There are movies that are great, and there are movies that are great for the soul. This list will becomprised of films belonging to the latter category. As to which is the more valuable of the two, that depends, I think, largely upon one’s frame of mind at the time of the watching. Great movies express truth, and the expression of truth is ultimately cathartic, helping to bring understanding, and therefore ownership, and therefore acceptance. But, truth oftentimes goes down a lot like wormwood. Sometimes, it’s nice just to have something that tastes good, empty calories or not. The movies on this list will be ones I picked because to me at least, whatever else they may have going for them, they just make me feel good. They are chicken soup for the soul movies, movies I would want to take with me if I were being abandoned to live in seclusion on a desert island, movies that present things the way they should be and not necessarily the way things are.
“Mother doesn’t like me playing Beethoven. She says I’m always peevish afterwards.”–Lucy Honeychurch
#1. A Room with A View (1985). A Room with a View, based on the novella of the same name by E.M. Forster, tells the story of young lovers Lucy Honeychurch and George Emerson. Everything around the two, beginning with the scene from which the title is taken, is complicated–absurdly so–by the Edwardian mores of the day. On a trip to Italy, Lucy is accompanied by a chaperon, Charlotte Bartlett (Maggie Smith), who complains at length over the lack of a room with a view only to turn down a kindhearted offer by a male guest and his young son to switch rooms for fear that accepting implies some sort of “unseemly” return obligation. Lucy, in fact, is so corseted by these ridiculous rules and expectations that her capacity for life and passion is intimated only in the way she plays Beethoven. “If Miss Honeychurch ever takes to live as she plays,” says Mr. Beebe, played marvelously by Simon Callow, “it will be very exciting, both for us and for her.” Thankfully, she will, with a little help from George.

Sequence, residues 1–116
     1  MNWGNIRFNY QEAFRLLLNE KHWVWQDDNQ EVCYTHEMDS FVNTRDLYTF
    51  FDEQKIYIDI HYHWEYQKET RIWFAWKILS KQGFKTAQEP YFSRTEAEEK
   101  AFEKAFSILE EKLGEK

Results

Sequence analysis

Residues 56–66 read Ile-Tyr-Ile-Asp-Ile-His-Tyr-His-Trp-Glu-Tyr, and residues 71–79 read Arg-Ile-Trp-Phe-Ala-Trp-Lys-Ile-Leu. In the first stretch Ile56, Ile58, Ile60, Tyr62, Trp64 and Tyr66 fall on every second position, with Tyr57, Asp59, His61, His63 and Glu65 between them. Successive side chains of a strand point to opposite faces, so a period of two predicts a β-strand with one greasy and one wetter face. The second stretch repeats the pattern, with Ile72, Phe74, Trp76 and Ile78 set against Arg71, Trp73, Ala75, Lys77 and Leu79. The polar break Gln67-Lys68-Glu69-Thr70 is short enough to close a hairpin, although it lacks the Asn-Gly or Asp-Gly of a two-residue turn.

George Emerson and his father, who accompanies him on the trip to Italy where he meets Lucy, have no such hang-ups. And while this makes them vulgar in the eyes of those who surround Lucy, he is the only hope Lucy has of finding the courage and freedom to live and love freely and authentically, escaping a life of restriction and marriage to a man whom she does not love. In short, George is, well, an Emersonian. He is all id to Lucy’s superego, and when Lucy comes across him unexpectedly in a lonely and beautiful field of flowers, George impulsively sweeps her into his arms and kisses her passionately. The act is, we know, if Lucy perhaps quite yet does not, a poetic expression of a Whitmanesque barbaric yawp rather than the questionable act of a young man with boundary issues.
I have seen A Room with a View multiple times, and I’m always up for seeing it again.